What Is Home Automation for the Disabled
– Characteristics and advantages of home automation for dependent people.
– Home automation equipment for dependent people
– Points of sale of home automation systems for dependent people
Home automation is a set of methods for controlling, automating, and programming your home. It can be a valuable source of autonomy for disabled persons if the appropriate equipment is selected. Let’s see closer below.
Characteristics and advantages of home automation for the disabled
Able to adapt to the house’s technical constraints, meet the specific needs of dependent people, and evolve according to their disability, home automation has many advantages and functions.
It allows the remote control of electrical equipment in the home (lighting, heating, shutters, household appliances, doors, automated beds, etc.) according to the specific needs of dependent people or by following personalized scenarios.
Home automation also makes it possible to detect passages to automatically turn on the light and turn it off after a given time. It is also possible to install a lighting system to help visually impaired people move around.
To further enhance dependent persons’ safety, installing a room temperature detector, a smoke detector indicating the start of a fire, or a leak (water, gas, etc.) can be very interesting.
A remote assistance system, made up of a network of wireless sensors placed in the house, is also a fascinating device for PRM. Some of them analyze movements to detect a possible fall, others the door opening to know when the dependent person leaves his home and returns. A relative and a call and assistance center are immediately alerted via SMS or email in case of a problem.
Home automation equipment for the disabled
The interaction of various types of devices inside a home automation system controlled by a dedicated central unit is the foundation of home automation for dependent individuals.
The control unit
It is a control center (or home automation box) that links all the systems implemented and controls them. The control unit takes data from the numerous detectors and accessories and analyzes it in order to react in real time and initiate scenarios.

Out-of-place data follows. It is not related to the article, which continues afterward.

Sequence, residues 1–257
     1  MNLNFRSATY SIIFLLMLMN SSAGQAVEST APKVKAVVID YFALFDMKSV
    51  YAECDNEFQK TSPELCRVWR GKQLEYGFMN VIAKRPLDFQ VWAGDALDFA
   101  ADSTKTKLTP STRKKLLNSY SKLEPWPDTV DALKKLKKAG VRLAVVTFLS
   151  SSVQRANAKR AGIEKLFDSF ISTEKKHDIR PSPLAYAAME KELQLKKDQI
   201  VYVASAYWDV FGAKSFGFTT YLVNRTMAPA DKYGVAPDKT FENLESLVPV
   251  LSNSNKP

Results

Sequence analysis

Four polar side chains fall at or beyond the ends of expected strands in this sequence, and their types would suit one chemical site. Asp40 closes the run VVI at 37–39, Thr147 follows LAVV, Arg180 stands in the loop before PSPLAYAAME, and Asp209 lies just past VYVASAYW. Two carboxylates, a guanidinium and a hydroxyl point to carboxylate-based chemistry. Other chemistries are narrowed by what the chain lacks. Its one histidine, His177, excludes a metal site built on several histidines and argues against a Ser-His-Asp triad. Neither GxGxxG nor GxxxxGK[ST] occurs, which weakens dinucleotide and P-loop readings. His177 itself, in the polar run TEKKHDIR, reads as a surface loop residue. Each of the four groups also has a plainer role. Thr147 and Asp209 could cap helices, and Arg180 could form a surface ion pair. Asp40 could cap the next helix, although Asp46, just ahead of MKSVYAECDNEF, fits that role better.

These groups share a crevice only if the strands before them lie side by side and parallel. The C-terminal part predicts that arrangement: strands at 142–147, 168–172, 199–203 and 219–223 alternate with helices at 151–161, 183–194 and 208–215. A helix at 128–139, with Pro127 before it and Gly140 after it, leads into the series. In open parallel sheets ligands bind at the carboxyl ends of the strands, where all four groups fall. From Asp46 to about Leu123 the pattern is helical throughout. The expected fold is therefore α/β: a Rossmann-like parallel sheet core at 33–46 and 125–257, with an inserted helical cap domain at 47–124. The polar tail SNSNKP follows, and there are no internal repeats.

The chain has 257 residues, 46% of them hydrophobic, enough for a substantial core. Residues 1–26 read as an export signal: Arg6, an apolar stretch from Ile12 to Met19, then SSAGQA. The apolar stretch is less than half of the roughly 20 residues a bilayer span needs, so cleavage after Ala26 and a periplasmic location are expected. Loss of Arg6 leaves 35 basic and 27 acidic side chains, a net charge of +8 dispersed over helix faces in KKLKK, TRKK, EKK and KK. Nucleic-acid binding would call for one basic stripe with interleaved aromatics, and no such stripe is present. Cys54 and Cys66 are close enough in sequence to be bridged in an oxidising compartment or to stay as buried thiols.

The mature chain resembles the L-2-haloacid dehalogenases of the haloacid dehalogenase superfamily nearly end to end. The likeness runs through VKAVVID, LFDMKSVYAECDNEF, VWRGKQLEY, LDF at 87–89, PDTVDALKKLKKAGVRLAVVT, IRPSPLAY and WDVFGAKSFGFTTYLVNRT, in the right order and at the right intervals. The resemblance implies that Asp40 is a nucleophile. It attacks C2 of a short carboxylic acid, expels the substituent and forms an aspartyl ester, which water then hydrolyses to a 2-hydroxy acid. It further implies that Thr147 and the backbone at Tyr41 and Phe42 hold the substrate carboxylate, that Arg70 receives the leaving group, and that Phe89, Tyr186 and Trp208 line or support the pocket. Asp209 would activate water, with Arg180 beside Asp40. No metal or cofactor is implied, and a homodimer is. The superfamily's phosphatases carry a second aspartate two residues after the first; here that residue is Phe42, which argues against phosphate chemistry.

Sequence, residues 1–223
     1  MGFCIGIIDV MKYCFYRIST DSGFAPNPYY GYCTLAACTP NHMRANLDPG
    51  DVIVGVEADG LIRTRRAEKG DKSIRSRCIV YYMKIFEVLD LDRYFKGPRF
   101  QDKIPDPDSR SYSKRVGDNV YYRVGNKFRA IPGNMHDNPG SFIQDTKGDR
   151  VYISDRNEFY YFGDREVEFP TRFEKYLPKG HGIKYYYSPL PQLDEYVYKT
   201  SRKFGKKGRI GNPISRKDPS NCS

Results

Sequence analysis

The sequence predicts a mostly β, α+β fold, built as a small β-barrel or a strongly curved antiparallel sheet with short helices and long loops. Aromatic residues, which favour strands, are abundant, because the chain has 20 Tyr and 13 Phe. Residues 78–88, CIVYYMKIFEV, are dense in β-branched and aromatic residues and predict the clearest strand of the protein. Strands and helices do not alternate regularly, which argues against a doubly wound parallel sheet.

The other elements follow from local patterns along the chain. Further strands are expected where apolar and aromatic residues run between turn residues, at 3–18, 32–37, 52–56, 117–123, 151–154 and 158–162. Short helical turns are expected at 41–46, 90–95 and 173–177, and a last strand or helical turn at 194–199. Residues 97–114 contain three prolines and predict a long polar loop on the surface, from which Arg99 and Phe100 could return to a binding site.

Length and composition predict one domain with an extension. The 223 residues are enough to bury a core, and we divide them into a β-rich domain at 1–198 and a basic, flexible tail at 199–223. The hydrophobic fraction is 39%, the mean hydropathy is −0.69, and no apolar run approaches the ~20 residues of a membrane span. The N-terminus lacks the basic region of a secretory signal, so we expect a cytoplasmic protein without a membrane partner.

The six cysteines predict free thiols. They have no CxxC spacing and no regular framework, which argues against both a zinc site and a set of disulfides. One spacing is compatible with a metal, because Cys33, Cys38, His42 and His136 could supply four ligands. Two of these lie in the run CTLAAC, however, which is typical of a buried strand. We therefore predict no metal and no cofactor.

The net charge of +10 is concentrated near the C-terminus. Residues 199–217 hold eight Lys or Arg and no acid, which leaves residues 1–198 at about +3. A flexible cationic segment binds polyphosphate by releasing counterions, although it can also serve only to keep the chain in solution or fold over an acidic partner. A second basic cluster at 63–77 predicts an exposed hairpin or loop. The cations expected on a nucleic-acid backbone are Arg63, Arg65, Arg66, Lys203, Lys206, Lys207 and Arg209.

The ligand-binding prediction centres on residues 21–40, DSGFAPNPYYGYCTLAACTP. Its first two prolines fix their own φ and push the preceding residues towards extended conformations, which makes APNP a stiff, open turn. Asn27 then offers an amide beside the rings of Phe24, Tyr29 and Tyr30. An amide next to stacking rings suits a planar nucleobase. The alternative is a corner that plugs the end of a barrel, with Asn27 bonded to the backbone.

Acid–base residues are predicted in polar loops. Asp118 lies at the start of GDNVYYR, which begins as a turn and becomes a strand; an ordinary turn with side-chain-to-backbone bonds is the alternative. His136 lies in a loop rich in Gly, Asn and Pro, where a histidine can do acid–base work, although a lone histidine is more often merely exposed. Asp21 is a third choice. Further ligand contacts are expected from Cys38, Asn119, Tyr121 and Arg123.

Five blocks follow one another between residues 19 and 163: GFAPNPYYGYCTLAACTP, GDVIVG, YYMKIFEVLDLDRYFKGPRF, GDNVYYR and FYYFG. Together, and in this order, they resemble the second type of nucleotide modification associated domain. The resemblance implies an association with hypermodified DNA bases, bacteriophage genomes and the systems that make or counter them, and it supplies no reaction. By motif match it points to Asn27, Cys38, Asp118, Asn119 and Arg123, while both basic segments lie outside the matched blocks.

There are countless scenarios. They can be pre-programmed or customized to meet specific requirements, and they can be changed at any moment. Their purpose is to relieve the dependent person of many daily tasks, limit unnecessary gestures, and ensure their safety. The shutters or blinds can automatically go up in the morning, and the coffee machine can be turned on. The windows can be opened at a specific time to air a particular room and then closed again (but also more quickly in case of bad weather).
If the disabled forgets to close a window or turn off the water supply, a sound or light signal indicates this. And if the problem persists, the closure can be done automatically or remotely controlled by a helper or a relative via a simple smartphone, tablet, or computer.
More generally, the information transmitted by the various detectors and accessories (cameras, alarms, etc.) is analyzed to alert an outside person via SMS or email if necessary.
Opening and movement detectors allow checking that doors and windows are closed in the evening, for example, but also to alert if they do not detect the return of the dependent person after an exit. Others are designed to turn on the lights when a person passes by automatically.
Technically, they are smoke detectors, gas detectors, water detectors, and other similar devices. They can also detect breakdowns in domestic equipment (refrigerators, heaters, etc.).
Cameras film strategic locations in the home, even in complete darkness for some. Some models include a microphone and a loudspeaker to talk to the dependent person. You need to connect to the Internet to see what is happening in real-time (or even record it) and move the cameras.
The automation allows programming the opening and closing of windows, shutters, etc. In the event of a problem, the house’s exits can be automatically unlocked to allow the passage of help. Everything is feasible, but it is contingent on your budget.
Prices and points of sale of home automation systems for dependent people
You will find home automation systems and accessories in DIY stores, specialized stores, and the Internet.
You can expect to pay about $200 for a home automation box, about $70 for a motion detector to turn on a light and about $80 for a camera.
Note that a tax credit is granted for equipment expenses that allow accessibility and adaptation of homes to loss of autonomy and disability. The list of eligible equipment is in an article of law. It includes wall-mounted shower seats, integral shower stalls for persons with reduced mobility, extra-flat shower trays and shower doors, thermostatic mixing valves, and tiltable mixing valves.